Bellevue's sidewalk designs for Fifth and Cedar streets will likely take a few more turns before the city decides where the sidewalks will be built. Those turns will have to accommodate roads that were built off-center of the city's rights of way many years ago.
"Just because the roads were laid down wrongly in the first place doesn't justify us doing the same thing again with the sidewalks," City Administrator Tom Blanchard said during a City Council meeting Thursday, April 24.
Blanchard recommended that the sidewalk setbacks be measured from either the surveyed center line of the city's 80-foot rights-of-way, or from the edge of surveyed property lines.
Original road construction in the city took into account neither, leaving some residents with more front yard than others. Some residents are closer to the street than they would like to be, given that the new sidewalks will encroach on their properties.
The sidewalks are planned as part of the city's Safe Routes to Schools program and are intended to provide pedestrian safety for schoolchildren walking and biking to Bellevue Elementary School. They also mark the first step in developing street design standards under the city's 25-year transportation master plan.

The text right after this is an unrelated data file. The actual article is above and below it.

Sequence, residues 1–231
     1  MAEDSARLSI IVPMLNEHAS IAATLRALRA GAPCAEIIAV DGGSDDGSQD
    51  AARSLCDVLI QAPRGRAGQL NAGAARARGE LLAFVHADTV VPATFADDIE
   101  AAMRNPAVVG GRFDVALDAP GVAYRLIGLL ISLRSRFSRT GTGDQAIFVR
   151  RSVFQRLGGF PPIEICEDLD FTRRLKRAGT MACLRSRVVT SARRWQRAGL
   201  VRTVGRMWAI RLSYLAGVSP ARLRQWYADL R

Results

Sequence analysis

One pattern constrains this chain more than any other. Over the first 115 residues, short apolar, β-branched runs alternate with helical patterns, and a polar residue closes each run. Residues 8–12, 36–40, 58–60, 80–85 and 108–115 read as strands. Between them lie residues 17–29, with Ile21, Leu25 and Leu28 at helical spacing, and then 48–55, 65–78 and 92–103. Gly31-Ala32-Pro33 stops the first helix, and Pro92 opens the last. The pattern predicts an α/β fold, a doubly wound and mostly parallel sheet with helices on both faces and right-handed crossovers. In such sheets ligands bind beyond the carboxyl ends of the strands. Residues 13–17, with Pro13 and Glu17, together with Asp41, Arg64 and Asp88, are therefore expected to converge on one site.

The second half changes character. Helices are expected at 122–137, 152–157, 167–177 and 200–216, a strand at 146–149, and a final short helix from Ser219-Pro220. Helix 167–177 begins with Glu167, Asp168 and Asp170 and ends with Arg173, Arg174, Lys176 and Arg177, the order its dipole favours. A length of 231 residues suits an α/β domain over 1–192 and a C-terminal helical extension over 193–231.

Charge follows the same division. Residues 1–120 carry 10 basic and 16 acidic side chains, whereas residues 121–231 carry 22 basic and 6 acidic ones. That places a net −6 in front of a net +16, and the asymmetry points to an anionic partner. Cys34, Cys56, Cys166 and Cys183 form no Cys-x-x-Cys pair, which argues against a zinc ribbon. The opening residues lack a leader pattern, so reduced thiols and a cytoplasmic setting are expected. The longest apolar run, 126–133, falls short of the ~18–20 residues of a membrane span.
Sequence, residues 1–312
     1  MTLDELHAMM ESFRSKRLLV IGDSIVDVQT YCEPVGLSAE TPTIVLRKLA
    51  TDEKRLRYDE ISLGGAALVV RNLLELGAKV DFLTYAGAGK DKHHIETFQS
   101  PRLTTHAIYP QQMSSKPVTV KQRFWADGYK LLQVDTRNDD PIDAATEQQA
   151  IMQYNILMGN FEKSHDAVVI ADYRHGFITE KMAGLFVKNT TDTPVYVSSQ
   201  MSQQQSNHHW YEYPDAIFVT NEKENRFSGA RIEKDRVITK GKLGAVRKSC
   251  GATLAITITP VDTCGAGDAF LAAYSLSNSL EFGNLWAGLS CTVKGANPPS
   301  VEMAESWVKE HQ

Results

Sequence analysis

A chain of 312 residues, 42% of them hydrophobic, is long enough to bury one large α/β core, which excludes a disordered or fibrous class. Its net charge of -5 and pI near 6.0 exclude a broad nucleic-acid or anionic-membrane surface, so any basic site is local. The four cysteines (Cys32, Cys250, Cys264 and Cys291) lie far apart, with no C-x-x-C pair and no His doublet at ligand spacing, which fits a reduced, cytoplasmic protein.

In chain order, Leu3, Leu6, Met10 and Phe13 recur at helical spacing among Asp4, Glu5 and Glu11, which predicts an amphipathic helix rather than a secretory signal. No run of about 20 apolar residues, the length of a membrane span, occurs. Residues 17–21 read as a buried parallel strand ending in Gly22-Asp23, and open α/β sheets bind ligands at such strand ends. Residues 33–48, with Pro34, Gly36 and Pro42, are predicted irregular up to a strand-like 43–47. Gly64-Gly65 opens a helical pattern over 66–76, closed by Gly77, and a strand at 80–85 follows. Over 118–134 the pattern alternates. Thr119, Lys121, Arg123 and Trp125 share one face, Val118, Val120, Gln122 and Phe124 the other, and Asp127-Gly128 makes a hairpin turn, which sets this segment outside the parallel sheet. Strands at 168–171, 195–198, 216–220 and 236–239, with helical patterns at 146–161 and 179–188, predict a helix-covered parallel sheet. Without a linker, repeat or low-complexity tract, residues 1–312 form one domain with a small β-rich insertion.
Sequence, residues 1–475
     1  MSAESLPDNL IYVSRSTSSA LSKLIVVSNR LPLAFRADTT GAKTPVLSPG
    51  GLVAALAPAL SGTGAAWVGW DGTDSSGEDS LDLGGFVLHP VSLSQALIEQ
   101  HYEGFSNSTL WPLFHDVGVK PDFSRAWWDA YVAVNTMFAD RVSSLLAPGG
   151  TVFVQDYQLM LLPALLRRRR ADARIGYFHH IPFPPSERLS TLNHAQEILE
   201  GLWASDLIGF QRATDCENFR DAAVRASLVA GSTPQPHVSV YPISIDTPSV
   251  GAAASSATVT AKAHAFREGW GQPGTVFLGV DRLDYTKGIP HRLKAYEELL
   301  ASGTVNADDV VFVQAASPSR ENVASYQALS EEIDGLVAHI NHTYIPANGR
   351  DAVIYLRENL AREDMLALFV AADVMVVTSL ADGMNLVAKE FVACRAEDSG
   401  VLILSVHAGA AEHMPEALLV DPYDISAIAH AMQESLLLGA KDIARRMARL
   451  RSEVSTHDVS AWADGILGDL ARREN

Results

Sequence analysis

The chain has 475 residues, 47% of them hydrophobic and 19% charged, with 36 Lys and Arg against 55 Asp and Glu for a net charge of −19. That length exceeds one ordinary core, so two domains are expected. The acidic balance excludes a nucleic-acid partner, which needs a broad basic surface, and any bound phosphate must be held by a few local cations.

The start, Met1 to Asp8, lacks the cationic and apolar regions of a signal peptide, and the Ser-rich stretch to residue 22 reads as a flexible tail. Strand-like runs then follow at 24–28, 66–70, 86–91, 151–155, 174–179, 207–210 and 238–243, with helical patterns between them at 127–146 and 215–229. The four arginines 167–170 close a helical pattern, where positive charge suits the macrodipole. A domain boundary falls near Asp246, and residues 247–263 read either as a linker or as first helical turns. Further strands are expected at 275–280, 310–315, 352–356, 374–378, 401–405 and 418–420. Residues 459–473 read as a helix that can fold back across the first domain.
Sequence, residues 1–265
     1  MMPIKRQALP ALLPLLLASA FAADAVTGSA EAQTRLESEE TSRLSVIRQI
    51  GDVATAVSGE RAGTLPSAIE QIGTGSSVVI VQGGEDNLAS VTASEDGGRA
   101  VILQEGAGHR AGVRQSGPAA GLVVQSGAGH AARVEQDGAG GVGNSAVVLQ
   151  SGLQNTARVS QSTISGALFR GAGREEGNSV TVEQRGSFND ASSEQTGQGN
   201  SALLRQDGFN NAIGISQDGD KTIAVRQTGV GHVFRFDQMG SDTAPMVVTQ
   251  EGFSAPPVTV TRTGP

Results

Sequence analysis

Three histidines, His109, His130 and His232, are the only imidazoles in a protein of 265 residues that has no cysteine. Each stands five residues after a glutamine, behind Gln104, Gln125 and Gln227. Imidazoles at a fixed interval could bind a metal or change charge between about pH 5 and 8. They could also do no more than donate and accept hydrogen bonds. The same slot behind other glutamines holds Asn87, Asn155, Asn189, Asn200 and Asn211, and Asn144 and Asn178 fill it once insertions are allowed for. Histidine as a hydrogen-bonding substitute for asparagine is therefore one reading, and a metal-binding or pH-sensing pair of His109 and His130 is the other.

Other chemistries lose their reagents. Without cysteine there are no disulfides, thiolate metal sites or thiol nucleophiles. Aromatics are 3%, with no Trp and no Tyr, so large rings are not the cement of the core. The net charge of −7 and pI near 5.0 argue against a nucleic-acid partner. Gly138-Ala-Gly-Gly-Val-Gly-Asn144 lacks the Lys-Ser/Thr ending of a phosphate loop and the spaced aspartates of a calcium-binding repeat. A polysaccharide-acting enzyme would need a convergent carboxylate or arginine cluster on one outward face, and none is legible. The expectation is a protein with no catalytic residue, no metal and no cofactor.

David Campbell, who headed up a citizens committee last month to find a compromise sidewalk- design plan, said some residents will find the sidewalks "close to their front doorsteps" if the city measures from the surveyed center line, rather than from the roadway edge.
"In other places the sidewalks will land in the existing street," he said.
Blanchard agreed with Campbell's committee's recommendation to begin curtailing on-street parking in the city.
After reviewing Campbell's recommendations last week, city officials responded with designs calling for:
· 9-foot travel lanes (18 feet total) on streets.
· 6-foot asphalt pathways.
· 4-foot buffer zones between street edges and pathways.
City officials will meet with Campbell at 6 p.m. Thursday, May 1, to walk to Cedar Street and review the citizens committee recommendation to move the sidewalk to the south side of Cedar Street. Afterward, the council will revisit the sidewalk-design issue at City Hall.
In other Bellevue news:
· A special meeting of the City Council will hear public comment on flood preparations on May 1 at 6:30 p.m. in City Hall.
· The council passed a resolution in support of the Blaine County Ambulance District's property-tax levy rate increase. If approved by two-thirds of the voters, the May ballot initiative would raise an additional $350,000 per year for the district and increase property taxes by $3 per $100,000 of assessed value.
· The City Council is considering a $10-dollar-per-month sewer service rate hike to pay for construction of a new wastewater treatment facility. The council will consider the rate increase at a meeting June 12.